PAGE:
## Abstract

We study geometric variations of the discriminating code problem. In the discrete version of the problem, a finite set of points P and a finite set of objects S are given in R^{d}. The objective is to choose a subset S^{∗}⊆ S of minimum cardinality such that for each point p_{i}∈ P, the subset Si∗⊆S∗ covering p_{i} satisfies Si∗≠∅, and each pair p_{i}, p_{j}∈ P, i≠ j, we have Si∗≠Sj∗. In the continuous version of the problem, the solution set S^{∗} can be chosen freely among a (potentially infinite) class of allowed geometric objects. In the 1-dimensional case (d= 1), the points in P are placed on a horizontal line L, and the objects in S are finite-length line segments aligned with L (called intervals). We show that the discrete version of this problem is NP-complete. This is somewhat surprising as the continuous version is known to be polynomial-time solvable. This is also in contrast with most geometric covering problems, which are usually polynomial-time solvable in one dimension. Still for the 1-dimensional discrete version, we design a polynomial-time 2-approximation algorithm. We also design a PTAS for both discrete and continuous versions in one dimension, for the restriction where the intervals are all required to have the same length. We then study the 2-dimensional case (d= 2) for axis-parallel unit square objects. We show that both continuous and discrete versions are NP-complete, and design polynomial-time approximation algorithms that produce (16 · OPT+ 1) -approximate and (64 · OPT+ 1) -approximate solutions respectively, using rounding of suitably defined integer linear programming problems. Finally, we apply our techniques to a related variant of the discrete problem, where instead of points and geometric objects we just have a set S of objects. The goal is to select a small subset S^{∗} of objects so that all objects of S are discriminated by their intersection with the objects of S^{∗}. This problem can be viewed as a graph problem by stating it in terms of the vertices of the geometric intersection graph of S. Under this graph-theoretical form, it is known as the identifying code problem. We show that the identifying code problem for axis-parallel unit square intersection graphs (in d= 2) can be solved in the same manner as for the discrete version of the discriminating code problem for unit square objects described above, and all our positive approximation results still hold in this setting.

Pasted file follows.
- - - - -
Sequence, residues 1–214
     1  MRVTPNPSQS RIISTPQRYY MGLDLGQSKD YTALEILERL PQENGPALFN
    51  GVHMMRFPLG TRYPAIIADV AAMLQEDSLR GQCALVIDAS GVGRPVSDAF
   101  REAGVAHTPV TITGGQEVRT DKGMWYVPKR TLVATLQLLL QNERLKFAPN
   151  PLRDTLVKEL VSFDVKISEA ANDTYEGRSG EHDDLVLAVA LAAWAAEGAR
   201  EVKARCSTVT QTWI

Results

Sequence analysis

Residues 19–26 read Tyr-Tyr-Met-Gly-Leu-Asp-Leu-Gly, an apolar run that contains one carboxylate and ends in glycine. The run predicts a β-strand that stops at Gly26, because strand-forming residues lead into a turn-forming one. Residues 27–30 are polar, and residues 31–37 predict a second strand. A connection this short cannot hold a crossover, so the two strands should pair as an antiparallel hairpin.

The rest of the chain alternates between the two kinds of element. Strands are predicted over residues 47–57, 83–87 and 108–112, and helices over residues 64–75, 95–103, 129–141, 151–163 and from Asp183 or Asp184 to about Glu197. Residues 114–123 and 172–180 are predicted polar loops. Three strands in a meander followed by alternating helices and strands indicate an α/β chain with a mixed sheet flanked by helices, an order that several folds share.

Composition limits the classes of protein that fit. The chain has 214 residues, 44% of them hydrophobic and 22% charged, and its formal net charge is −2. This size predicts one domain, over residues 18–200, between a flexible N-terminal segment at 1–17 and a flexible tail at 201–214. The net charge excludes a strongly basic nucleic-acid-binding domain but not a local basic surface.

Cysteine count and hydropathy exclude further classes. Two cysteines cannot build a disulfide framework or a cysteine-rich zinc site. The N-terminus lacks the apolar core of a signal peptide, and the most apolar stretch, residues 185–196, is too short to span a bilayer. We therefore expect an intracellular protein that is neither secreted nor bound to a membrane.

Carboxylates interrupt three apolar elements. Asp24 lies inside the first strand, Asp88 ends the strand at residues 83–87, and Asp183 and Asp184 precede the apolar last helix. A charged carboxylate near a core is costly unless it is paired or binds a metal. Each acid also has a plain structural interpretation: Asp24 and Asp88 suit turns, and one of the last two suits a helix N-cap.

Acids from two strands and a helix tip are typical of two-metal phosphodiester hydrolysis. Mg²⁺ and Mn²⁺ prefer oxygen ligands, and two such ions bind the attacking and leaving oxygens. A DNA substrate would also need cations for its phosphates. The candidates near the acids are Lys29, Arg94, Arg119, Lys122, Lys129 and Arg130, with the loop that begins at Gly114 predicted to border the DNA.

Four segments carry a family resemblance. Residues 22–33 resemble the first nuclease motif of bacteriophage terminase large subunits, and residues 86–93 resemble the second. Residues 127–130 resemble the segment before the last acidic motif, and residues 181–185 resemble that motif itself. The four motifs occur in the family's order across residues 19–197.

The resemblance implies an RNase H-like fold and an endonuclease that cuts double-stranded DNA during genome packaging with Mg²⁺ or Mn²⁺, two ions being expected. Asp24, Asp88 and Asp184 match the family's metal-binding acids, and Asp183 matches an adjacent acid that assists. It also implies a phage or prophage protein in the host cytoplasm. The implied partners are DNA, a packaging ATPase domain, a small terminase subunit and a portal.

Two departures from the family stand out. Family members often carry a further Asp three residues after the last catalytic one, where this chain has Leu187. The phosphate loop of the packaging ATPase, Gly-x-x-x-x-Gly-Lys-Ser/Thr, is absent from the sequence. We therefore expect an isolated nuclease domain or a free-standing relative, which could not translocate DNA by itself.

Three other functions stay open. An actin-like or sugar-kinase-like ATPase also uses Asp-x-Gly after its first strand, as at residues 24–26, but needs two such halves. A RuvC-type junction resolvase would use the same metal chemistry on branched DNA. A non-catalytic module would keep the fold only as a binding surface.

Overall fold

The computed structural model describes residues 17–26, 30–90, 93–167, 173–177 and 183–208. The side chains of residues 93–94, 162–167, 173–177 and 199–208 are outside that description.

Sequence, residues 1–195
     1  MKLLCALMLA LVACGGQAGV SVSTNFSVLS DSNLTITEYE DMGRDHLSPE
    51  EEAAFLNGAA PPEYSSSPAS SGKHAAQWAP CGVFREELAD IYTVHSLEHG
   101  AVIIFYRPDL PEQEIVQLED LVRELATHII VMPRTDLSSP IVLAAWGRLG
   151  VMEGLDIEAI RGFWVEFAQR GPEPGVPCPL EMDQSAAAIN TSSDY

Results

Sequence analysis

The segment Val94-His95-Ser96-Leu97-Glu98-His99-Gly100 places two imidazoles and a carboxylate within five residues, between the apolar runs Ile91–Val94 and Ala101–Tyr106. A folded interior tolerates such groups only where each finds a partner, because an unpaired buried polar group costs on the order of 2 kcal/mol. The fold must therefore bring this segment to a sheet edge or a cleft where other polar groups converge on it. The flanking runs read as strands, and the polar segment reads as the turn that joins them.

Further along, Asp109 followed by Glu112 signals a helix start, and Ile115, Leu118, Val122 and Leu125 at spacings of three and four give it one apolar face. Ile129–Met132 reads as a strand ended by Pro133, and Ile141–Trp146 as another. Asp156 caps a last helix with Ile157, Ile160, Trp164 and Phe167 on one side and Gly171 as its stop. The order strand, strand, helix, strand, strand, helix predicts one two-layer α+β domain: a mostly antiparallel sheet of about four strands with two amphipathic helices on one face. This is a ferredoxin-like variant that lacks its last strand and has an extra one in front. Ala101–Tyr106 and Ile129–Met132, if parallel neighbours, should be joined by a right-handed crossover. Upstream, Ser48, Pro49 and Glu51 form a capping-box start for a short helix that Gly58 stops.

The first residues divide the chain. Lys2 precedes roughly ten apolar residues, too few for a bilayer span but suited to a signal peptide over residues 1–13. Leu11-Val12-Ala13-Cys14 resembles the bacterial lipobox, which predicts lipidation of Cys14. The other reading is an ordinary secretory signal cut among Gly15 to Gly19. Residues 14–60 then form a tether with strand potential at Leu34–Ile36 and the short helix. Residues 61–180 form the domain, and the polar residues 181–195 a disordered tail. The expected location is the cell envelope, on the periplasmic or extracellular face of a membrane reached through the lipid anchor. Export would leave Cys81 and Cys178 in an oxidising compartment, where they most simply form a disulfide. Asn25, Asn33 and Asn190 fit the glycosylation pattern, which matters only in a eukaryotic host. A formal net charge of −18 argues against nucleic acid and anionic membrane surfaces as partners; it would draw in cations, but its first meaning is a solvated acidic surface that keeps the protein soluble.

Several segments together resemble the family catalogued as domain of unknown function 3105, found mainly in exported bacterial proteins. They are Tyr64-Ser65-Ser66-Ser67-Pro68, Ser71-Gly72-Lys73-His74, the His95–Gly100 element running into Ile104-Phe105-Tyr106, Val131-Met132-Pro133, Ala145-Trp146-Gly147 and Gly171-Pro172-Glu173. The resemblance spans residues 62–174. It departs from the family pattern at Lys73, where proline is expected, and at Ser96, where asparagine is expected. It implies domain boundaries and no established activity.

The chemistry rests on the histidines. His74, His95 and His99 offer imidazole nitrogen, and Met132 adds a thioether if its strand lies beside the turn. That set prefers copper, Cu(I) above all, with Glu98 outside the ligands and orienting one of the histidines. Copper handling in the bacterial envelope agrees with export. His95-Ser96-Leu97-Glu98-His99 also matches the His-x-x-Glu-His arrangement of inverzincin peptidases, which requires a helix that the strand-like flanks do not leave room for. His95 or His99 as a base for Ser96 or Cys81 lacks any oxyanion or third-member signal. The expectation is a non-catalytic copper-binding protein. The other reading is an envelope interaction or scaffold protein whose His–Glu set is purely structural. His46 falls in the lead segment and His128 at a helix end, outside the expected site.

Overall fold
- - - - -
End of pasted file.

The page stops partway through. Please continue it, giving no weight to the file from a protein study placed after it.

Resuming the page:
Original language | English (US) |
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Journal | Algorithmica |

DOIs | |

State | Accepted/In press - 2022 |

Externally published | Yes |

## Keywords

- Approximation algorithm
- Discriminating code
- Geometric hitting set
- Identifying code
- Segment stabbing

## ASJC Scopus subject areas

- Computer Science(all)
- Computer Science Applications
- Applied Mathematics